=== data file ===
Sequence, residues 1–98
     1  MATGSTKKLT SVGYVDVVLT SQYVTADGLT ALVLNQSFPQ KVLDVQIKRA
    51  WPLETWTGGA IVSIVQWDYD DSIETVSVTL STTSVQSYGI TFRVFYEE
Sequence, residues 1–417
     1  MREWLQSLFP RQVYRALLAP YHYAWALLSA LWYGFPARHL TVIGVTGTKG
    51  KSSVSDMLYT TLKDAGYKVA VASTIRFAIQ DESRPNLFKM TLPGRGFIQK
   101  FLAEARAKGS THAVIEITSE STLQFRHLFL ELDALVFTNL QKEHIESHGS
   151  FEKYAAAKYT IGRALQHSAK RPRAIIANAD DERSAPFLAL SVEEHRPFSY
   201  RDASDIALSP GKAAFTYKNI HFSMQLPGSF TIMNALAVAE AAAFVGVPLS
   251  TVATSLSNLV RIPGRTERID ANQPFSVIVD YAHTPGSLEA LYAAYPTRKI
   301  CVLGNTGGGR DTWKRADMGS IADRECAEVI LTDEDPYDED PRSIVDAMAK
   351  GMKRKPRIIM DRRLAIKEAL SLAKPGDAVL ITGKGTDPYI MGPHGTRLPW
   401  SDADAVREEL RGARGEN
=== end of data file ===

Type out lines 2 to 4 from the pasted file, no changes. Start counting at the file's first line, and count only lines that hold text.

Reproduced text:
     1  MATGSTKKLT SVGYVDVVLT SQYVTADGLT ALVLNQSFPQ KVLDVQIKRA
    51  WPLETWTGGA IVSIVQWDYD DSIETVSVTL STTSVQSYGI TFRVFYEE
Sequence, residues 1–417